October 3, 2020

Eruvin 55

Today’s daf (Eruvin 55a) begins with three different interpretations to Devarim 30:12-13 which states that, ‘[This mitzvah that I am prescribing to you today is not too mysterious or remote from you]. It is not in heaven, so [that you should] say, “Who shall go up to heaven and bring it to us so that we can hear it and keep it?”, and it is not over the sea so [that you should] say, “Who will cross the sea and get if for us, so that we will be able to hear it and keep it?”’.
Significantly, while Ramban interprets ‘this mitzvah’ as referring to Teshuva, much of Rabbinic literature interprets ‘this mitzvah’ as referring to the overall concept of Torah, and it is in this spirit that these three explanations are offered.
The Gemara first presents the interpretation of Avdimi Bar Chama who points out that if Torah were in the heavens, we would be required to go there in pursuit of Torah, and similarly if Torah were across the ocean, we would need to cross the ocean to seek Torah. What we learn from here is that we should be motivated to invest physical time and physical effort towards our pursuit of Torah, as well as our goal to understand and keep Torah.
We are then taught Rava’s interpretation who explains that Torah scholarship will not be found in someone who believes that their mind towers over Torah like the heavens, nor will Torah scholarship be found in someone who believes that their mind is as broad as the ocean such that they can fully grasp all of Torah. What we learn from here is that we should be motivated to invest spiritually, emotionally and psychologically in our pursuit of Torah, so that when we understand and keep Torah, we do so with the right level of humility.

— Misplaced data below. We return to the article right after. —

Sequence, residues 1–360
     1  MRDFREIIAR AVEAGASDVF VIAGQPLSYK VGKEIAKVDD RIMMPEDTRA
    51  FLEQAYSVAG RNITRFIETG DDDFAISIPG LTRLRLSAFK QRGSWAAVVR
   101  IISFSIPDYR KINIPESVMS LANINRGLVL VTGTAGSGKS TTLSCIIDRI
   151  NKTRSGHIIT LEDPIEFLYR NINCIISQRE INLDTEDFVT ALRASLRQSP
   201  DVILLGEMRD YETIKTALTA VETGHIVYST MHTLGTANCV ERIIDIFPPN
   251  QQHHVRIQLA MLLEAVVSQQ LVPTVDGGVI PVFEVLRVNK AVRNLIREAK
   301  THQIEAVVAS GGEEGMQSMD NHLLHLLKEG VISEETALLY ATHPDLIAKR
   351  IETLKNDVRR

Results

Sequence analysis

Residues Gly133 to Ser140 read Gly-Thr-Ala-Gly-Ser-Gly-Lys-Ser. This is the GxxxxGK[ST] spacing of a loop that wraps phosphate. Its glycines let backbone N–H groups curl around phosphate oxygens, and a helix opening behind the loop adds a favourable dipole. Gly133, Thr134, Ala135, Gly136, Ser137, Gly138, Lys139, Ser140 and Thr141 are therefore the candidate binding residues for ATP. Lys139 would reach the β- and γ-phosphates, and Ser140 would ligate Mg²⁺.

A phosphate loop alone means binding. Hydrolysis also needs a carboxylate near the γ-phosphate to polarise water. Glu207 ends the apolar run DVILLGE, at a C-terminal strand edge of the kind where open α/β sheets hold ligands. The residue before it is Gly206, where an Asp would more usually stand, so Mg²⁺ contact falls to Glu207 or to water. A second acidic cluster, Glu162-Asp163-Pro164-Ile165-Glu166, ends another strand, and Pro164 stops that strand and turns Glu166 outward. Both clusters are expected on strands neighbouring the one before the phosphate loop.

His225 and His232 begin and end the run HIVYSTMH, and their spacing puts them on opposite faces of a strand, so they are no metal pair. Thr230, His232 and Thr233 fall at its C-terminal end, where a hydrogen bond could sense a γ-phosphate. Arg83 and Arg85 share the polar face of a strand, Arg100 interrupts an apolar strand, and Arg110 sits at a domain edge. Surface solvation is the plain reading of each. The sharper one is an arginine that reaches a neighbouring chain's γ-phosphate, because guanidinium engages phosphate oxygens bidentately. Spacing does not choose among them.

Finally, we are taught Rabbi Yochanan’s interpretation who subtlety blends both of the previous explanations and who states that Torah scholarship will not be found among those who are haughty, and nor will not be found amongst those who are so busy that they do not make time for Torah study.
What we learn from here is that our pursuit of Torah requires both physical time and effort to understand and keep Torah, as well as spiritual, emotional and psychological investment to ensure that we do so with the right frame of mind. In fact, when Rambam speaks about the mitzvah of Torah study (Talmud Torah 3:9), he poetically summarizes the position of Rabbi Yochanan, stating:
‘The words of Torah can be compared to water, as [Isaiah 55:1] states: “Behold, all who are thirsty, come to the water.” This teaches you that just as water does not collect on an incline, but rather flows from it and collects in a low place, similarly, the words of Torah will not be found in the arrogant or in the hearts of any of the haughty, but rather in the humble and lowly, who sit in the dust at the feet of the Sages and remove the desires and pleasures of the times from their hearts. They do only a minimal amount of work each day [to earn] their livelihood if they have nothing else to eat. The rest of their days and nights are involved with Torah study.’
What we learn from here is that Torah study requires investment of the physical self and the spiritual conscience, of both mind and heart, in order for us to grow our Torah knowledge and our Torah personality. Yet though some of us may this this is beyond us, Devarim 30:14 continues by telling us that this, ‘is something that is very close to you. It is in your mouth and in your heart, so that you can keep it’ – meaning that whoever we are, and whatever we do, our pursuit of Torah and our ability to understand and keep it with the right attitude is within our reach.
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